Another simple thing you can do, is to take a sip of water. It gives you a chance to think and, at the same time, it lets your interviewers know that you are busy and that they don't need to jump in. You could also repeat the question, which gives you another little bit of time to think. ⠀
Obviously, you can't do that for every question throughout the interview, but it works well to do this occasionally.⠀
A second way that you can demonstrate that interest is to prepare your answers for questions like:⠀⠀
Try to tune into the requirements of the role by doing more than simply reading the job description or candidate information booklet. If you are applying to an organisation that you have not previously worked for, research what the organisation does, what kind of roles they have and, in particular, see what more you can find out about the role you are applying for. Is there someone in your network who has worked there or someone who knows someone who is working there? What can you find out about the organisations values and mission? What services or products do they offer? All of this research will help you demonstrate your interest in that organisation when at interview and will also help you position your previous experience and achievements in that context. It will also help you prepare relevant questions you can ask at interview.
If you invest some time in preparing how your skills and experience matches the requirements of the role, it will help you in several ways. It helps you when writing a summary or position statement (on the application form) or when writing your cover letter (if submitting a CV). It also informs how you will answer questions at interview. Especially questions such as "Tell me about yourself", "How does your experience match the requirements of the role?" or if you are asked to "Summarise your experience". It also should underpin all of your other answers when at interview, because you need to be able to clearly articulate how your previous work experience matches the requirements of the role and to be able to do so throughout the interview. You can also use this summary of how you match the requirements of the role towards the end of the interview.
The same advise applies whether you are selecting your examples for use at interview or for use when completing your application form (required for most public sector interviews). Where possible, lead with your most recent work examples. Only use a non-work example when you have no other example that you can draw on to illustrate your competence.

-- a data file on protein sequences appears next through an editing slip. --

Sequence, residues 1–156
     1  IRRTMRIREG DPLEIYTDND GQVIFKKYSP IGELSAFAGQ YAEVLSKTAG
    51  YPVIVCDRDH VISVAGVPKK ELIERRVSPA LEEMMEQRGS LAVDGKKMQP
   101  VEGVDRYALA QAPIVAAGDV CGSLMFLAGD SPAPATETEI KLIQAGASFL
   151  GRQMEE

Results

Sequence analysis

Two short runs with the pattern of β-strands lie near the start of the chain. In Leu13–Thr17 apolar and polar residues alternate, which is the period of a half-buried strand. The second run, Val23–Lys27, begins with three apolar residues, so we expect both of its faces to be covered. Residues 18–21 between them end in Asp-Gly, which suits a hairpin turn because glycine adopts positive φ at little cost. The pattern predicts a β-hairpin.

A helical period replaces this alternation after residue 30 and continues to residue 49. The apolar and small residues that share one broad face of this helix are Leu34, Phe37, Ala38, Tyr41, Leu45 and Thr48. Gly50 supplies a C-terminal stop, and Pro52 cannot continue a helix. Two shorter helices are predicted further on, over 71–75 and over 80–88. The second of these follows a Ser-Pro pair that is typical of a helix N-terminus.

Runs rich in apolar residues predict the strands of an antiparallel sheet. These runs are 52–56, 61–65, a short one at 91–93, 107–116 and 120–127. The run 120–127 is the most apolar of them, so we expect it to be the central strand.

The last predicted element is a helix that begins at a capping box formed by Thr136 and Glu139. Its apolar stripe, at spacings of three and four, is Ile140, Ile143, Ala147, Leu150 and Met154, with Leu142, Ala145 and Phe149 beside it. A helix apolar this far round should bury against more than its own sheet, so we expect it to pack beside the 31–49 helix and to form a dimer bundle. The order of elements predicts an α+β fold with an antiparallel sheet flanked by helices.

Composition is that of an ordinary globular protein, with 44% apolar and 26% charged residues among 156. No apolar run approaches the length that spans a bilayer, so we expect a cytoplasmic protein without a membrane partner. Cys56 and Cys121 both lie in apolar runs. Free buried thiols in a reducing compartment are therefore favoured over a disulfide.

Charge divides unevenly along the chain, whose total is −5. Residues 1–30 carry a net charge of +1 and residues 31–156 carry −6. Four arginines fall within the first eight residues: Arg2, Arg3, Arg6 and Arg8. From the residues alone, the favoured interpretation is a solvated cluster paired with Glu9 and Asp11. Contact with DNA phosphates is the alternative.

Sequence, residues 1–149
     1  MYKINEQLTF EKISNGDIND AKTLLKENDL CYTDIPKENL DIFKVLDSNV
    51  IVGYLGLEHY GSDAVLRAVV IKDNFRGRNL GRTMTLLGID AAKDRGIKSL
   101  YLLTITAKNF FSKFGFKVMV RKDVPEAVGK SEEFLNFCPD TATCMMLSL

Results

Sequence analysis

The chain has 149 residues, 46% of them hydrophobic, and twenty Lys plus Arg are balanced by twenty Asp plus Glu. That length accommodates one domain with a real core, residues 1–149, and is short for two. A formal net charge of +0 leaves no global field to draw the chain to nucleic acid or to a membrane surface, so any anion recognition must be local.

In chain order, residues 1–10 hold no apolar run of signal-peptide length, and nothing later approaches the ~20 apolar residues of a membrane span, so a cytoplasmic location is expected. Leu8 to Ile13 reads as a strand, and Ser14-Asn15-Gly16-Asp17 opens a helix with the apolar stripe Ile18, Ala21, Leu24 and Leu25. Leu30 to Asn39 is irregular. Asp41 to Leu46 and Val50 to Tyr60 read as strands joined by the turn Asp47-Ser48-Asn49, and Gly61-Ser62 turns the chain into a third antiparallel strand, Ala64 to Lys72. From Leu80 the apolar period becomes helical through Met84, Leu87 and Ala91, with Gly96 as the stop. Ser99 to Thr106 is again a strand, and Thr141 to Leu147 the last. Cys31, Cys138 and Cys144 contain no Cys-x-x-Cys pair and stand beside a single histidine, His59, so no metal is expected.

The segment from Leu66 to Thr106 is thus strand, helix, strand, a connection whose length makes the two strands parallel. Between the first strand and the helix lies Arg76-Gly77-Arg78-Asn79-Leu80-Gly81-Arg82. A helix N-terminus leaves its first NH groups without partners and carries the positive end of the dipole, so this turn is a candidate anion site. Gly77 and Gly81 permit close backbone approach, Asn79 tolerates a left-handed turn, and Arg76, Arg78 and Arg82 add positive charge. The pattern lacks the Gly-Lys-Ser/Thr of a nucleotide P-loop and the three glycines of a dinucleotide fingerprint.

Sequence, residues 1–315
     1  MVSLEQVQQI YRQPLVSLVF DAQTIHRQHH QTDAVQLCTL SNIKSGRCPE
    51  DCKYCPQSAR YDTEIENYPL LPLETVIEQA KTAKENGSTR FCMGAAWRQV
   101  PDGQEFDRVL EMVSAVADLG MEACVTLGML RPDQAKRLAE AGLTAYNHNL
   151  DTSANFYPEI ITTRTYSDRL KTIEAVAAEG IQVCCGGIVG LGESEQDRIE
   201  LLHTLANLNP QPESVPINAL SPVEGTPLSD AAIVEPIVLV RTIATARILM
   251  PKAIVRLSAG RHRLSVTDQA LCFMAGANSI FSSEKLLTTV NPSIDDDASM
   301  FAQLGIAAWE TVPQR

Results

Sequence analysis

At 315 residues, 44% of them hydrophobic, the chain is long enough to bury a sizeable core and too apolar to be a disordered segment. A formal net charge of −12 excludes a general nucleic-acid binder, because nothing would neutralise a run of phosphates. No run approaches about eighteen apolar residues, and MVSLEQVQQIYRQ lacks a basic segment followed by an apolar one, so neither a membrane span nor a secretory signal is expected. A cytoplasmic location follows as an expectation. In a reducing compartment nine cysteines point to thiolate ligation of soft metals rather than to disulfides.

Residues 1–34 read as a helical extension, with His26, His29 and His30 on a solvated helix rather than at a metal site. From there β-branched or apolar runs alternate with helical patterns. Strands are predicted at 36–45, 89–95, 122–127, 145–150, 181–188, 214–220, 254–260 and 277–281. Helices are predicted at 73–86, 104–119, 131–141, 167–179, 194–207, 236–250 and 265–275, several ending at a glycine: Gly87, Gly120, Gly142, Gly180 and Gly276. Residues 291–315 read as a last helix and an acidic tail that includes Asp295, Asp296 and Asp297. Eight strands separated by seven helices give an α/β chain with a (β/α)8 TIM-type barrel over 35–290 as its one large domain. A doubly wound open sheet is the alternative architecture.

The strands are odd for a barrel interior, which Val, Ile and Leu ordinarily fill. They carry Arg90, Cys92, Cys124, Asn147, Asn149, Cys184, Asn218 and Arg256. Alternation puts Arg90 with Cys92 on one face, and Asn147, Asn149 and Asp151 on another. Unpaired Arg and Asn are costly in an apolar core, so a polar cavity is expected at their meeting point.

After selecting your examples, you then need to remind yourself of the detail of those work tasks or projects and what you accomplished. The level of detail you provide is very important. Keep the focus on the aspects of the work that demonstrate the competency.
Some questions you could ask are:
To help keep you on track, really listen to the question. Repeat the question to yourself, out loud if you want. Take a sip of water to buy yourself a moment to gather your thoughts. Don't just start answering if you are not sure what they are looking for.
It's ok to ask an interviewer to repeat a question or to clarify the focus of a question. It’s really important that you answer the question you are being asked, so asking for the question to be repeated or clarified is absolutely ok and interviewers won’t mind doing this. Better to ask than to answer the wrong question.
Pay attention to your body language before and during the interview - our body language influences how we think and feel about ourselves, which in turn changes our behaviour and changes our outcomes. It’s a little bit of “fake it until you make it”, which research by Amy Cuddy shows is more like “fake it until you become it”.
This is where your homework will stand to you, as you really need to be clear and confident of the detail of what you have done, even if the work you are describing is from a few years ago. You need to include specifics and be concrete in the information you include in your answer.
Yes, I know for many it doesn't come naturally to say "I" and you want to show you are a team player (which I hear frequently from interview coaching clients), but it's only you at the interview and only you looking to get that role or be promoted. So if you find yourself saying "we" a lot, practice saying "I" (and then practice again)!
But if, like me, you wear glasses (even with anti-reflective coating) then facing directly into the light source can leave a glare or reflection on your glasses, especially when moving your head as you talk. I find that sitting facing the window, and then moving myself and my device so I am facing a little away from the window (not completely turning my side to the windows, but just having the window at a diagonal) seems to work best for me (and my glasses!). The picture accompanying this blog shows how I appeared on my phone's camera when following all of this advice. This video on my Facebook page shows you what I mean.
Follow this structure for your competency answer:
The interviewers need to understand about the context to help them in judging your actions and the outcome. This should be as brief as you can make it - some candidates explain far too much about the industry or organisation or section, while not spending enough time talking about what they have actually done.
The actions you outline allow the interviewers to match your experience to the definition of the competency and the requirements of the new role. This section should be the longest. Make sure you keep the competency in mind and use the example to demonstrate evidence of the competency.
The outcome or results of your actions give the interviewers some indication of the contribution you made, the impact your work had and the quality of your work.
The same advice about this structure of an answer applies when completing a public sector application form that asks you to answer competency questions on the form.